Chapter 8: Writing in University: It’s All About the Process!
A draft that exceeds the page requirements for your essay is just fine; the wordy, repetitive nature of first drafts means that when you edit, you will end up with fewer pages anyhow. If you have fewer pages than required for an essay, think about improving and expanding explanation and examples to what you’ve already drafted.
Once you’ve written a draft, you can start editing. After editing, you will be proofreading.
What’s the difference between editing and proofreading? For now, think of it this way: editing is the large-scale work of moving paragraphs, reorganizing sentences, reading for meaning and clarity, cutting repetition, and adding information. Proofreading is the smaller-scale work of fixing punctuation, spelling, grammar, and typos.
Editing consists of many tasks, including checking whether sentences are clear and precise, whether the purpose of the assignment has been fulfilled, and whether the essay is clearly organized. You will check paragraphs for cohesiveness, and for whether they connect clearly to your thesis statement. Does your essay need some transitions to make connections between sentences and paragraphs clearer? Is the language in your essay clear? Precise? Is the tone formal enough? Does your conclusion re-emphasize your main argument and convey a sense of completeness?
Principles of Good Writing to Keep in Mind While Editing
When you read something “good,” chances are that it’s clear, concise, has a variety of sentence structures, and uses exact language.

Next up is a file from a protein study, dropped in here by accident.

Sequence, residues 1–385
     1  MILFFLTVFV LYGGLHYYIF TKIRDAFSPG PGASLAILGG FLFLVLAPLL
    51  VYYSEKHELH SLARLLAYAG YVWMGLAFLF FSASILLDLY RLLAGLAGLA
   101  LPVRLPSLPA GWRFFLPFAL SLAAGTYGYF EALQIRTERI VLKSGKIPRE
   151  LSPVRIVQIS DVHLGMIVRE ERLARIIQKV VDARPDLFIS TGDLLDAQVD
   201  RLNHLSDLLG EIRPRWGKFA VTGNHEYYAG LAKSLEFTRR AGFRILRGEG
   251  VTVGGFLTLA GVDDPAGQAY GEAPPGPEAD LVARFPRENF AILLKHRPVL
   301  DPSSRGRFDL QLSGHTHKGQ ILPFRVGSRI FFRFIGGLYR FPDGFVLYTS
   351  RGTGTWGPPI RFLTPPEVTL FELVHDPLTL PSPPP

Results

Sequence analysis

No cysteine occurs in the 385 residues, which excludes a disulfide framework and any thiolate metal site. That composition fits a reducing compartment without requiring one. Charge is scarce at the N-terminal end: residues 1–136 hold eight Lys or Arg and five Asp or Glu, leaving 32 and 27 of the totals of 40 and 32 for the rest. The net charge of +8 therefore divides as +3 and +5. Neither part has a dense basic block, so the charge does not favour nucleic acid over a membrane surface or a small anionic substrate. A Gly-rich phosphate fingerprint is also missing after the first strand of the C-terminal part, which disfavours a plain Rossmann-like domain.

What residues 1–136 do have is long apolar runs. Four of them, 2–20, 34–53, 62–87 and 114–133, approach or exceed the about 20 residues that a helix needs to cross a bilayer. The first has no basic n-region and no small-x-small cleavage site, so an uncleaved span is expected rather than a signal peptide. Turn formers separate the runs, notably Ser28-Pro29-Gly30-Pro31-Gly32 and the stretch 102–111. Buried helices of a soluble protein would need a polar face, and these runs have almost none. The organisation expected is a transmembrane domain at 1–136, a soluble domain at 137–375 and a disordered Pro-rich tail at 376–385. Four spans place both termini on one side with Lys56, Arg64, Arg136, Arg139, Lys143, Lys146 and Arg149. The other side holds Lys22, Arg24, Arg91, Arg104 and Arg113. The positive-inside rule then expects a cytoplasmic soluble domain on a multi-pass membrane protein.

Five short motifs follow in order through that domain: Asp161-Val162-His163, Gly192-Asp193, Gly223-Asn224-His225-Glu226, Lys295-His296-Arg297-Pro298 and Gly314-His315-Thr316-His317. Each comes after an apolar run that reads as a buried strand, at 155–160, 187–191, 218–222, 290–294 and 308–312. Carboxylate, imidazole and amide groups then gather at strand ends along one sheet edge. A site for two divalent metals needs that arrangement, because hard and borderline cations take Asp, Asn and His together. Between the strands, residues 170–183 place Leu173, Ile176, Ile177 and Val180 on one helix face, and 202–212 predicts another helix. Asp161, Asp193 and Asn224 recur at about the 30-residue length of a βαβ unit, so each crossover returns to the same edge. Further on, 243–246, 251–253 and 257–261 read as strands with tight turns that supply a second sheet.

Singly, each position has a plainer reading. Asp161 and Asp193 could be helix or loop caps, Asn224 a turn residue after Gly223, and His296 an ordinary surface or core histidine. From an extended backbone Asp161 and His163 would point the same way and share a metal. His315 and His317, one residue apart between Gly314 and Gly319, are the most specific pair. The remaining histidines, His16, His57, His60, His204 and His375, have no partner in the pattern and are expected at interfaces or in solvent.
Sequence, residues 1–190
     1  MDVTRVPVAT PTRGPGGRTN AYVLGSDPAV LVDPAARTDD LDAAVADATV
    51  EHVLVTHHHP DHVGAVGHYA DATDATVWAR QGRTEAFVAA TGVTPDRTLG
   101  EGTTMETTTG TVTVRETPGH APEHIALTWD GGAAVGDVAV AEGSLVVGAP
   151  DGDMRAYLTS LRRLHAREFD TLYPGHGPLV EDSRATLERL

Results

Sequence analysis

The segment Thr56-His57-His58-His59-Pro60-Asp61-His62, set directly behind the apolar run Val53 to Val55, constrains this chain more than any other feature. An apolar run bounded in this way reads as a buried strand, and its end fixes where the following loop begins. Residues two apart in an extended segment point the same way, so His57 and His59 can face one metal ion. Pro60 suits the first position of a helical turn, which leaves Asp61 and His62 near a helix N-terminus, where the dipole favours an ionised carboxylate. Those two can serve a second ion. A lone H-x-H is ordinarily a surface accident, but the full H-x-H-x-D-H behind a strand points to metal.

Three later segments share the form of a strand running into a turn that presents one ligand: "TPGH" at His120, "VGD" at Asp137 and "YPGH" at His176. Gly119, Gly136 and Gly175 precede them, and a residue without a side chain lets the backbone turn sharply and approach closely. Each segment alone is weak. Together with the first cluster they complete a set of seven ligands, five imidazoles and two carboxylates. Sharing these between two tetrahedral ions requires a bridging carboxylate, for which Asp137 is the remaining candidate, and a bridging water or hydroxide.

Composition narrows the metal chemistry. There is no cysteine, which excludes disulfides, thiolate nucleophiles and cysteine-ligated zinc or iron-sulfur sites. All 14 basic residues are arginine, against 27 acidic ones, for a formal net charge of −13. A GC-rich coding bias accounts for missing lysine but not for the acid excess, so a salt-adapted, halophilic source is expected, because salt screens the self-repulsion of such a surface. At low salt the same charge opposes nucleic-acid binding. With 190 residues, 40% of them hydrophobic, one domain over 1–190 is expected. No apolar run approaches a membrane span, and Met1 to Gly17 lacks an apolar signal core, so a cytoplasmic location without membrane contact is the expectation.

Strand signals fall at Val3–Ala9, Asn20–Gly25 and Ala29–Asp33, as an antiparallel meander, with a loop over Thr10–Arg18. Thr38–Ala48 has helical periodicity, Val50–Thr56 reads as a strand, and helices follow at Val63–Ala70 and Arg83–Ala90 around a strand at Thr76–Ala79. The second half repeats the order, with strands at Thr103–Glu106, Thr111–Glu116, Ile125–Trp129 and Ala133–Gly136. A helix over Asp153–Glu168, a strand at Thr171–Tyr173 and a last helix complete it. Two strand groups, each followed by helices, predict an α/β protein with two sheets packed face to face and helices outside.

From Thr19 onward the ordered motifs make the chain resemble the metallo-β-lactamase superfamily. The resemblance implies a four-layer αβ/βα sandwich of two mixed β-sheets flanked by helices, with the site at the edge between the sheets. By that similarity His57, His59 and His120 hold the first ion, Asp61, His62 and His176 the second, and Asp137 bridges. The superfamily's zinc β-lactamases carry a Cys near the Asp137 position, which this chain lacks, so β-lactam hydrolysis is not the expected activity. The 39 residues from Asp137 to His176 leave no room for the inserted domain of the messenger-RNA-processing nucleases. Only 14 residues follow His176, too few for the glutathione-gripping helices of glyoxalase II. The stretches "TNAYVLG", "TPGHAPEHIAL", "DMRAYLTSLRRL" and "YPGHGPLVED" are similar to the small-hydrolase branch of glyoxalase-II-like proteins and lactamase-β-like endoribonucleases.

- Clarity: Clear writing is nearly invisible in the sense that you aren’t thinking about the fact that it’s clear; it’s just easy to read. You’ll notice that with unclear writing, you will have to re-read certain passages or paragraphs, struggling to understand it. However, this can happen with clear, good writing in academic journals because the journal articles are written for experts in the field, not for undergraduate student readers. Textbooks should be clearer because they’re written to you as their audience. If they aren’t clear, they are probably poorly written! Clarity is more difficult to achieve in one’s writing than in speech since so many non-verbal cues are missing on the static page (such as facial expression, tone of voice, gestures, body language, and so on). Clear writing might seem easy to do because it’s so plain, but it requires planning and revision. Here are a few pieces of advice: a) in the drafting stage, don’t write for your professor or for a similarly intimidating reader. Instead, write the first draft for yourself (one student told me that he writes his first draft so that his grandmother could understand him!). This is so that you understand what it is you’re trying to say rather than trying to sound impressive (which usually leads to incomprehensible prose); b) in your revisions, ask yourself whether you’re using plain language, a much-respected style of writing that favors clarity through the use of audience awareness, logical organization, active voice, short sentences (fewer than 20 words), strong verbs, and familiar language.